But, what can we do specifically at law firms to improve productivity? Set the mood. Shut the door. Play calming music. Set a timer and work in 15-minute increments to keep totally focused.

Productivity is often about time management. Allocate a certain amount of time to a task and then disconnect. Unplug the phone and put “do not disturb” on your office door. The fewer interruptions the better the creative flow.

The second step to being amazing at work is to solve problems says Siehold.

This is an easy one. At work, keep a running tally of problems at the firm and within case matters. Create a two-column page with one side “problems” and the other “solutions.” It’s amazing how such a short exercise can go a long way in solving problems with law firm management practices or with cases in particular.

Third, take risks. For law firms, this isn’t necessarily the best advice. Of course, risk taking can pay off. But, it can also backfire. Luckily, there’s a simple adjective that can solve this problem. Take calculated risks.

And, take calculated risks on people. Give young associates a chance to shine.

“The great ones never play it safe when it comes to leading their teams through change, knowing their job is to serve as a guide and coach,” writes Siehold.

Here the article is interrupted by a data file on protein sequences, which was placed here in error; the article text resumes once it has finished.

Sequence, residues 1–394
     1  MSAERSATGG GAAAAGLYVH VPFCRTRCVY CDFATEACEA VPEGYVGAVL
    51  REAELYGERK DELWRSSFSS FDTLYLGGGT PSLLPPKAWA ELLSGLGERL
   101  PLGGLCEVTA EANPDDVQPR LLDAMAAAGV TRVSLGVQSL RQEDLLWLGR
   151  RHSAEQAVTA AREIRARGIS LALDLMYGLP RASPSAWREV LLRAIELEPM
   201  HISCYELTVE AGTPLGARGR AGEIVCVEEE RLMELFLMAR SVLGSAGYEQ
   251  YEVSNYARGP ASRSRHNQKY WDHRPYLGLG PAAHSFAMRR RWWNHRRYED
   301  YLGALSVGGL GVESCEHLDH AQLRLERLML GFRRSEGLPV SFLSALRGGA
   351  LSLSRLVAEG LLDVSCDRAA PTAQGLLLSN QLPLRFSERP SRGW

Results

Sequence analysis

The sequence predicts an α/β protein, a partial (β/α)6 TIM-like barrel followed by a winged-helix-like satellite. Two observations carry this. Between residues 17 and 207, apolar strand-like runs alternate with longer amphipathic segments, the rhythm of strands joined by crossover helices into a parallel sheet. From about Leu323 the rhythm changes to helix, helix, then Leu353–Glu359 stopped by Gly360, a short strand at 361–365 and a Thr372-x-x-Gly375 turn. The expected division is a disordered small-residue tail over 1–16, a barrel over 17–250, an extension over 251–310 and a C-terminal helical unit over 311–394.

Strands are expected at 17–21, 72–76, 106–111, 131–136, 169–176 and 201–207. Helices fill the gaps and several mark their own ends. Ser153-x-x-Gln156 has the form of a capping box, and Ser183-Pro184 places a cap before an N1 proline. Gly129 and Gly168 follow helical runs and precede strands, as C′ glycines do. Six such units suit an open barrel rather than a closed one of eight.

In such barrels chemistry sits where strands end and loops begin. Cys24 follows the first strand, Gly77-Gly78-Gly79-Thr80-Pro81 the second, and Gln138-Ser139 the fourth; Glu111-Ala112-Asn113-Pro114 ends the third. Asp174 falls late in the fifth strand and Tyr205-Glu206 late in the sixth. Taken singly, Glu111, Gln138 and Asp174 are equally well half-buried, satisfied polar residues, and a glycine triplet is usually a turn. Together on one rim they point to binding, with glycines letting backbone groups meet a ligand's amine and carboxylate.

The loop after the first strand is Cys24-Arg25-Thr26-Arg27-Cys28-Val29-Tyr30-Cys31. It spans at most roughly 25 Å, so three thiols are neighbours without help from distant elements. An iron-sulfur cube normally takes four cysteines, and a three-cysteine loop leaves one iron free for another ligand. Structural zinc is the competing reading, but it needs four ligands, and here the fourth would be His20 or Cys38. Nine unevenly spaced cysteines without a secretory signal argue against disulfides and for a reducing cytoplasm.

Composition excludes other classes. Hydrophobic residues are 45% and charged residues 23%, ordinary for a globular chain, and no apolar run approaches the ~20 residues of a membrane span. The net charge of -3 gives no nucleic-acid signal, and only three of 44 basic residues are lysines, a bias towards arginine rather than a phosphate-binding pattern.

Fourth, have a strong work ethic.

For lawyers, it’s important to have a strong ethic in general. Don’t forget the right and wrong of cases you’re trying to win. Dedication to your work and believing in its ethic will go a long way to increasing your passion and productivity.

Finally, find a coach. For law firms, a coach should be a mentor, whether it’s a senior associate or law firm partner. Mentorship is an important part of the law.

“If a person works hard and gets a pay check he has a job. But if a person works hard, gets a pay check, and learns a new skill, she has a career,” writes Joseph Folkman for the HBR Blog in the article, “Are You Creating Disgruntled Employees?

In any business, it pays to let people make mistakes. And, if you establish a mentorship program, it’s likely your firm will gradually see less and less of them.

With proper training, your employees can learn to communicate and cope–with confidence–during moments of both success and failure. Not to mention that, in the future, your firm will gain good leaders and good lawyers.

For more ideas about how to increase productivity at your firm, read C4CM’s 69-page guide Creating a Flexible Workplace,” a powerful how-to resource on developing a workforce flexibility initiative that not only helps your employees manage their work and personal responsibilities effectively, but also boosts productivity and your company’s performance.

Some of its guidance includes how to:

  • Lower costs associated with employee absenteeism
  • Improve staff retention and recruitment efforts
  • Maximize employee productivity and performance
  • Improve quality and effectiveness of employee work and personal lives
  • Decrease health care utilization costs
  • Reduce organizational facilities’ costs
  • Enhance reputation as an employer of choice

-WB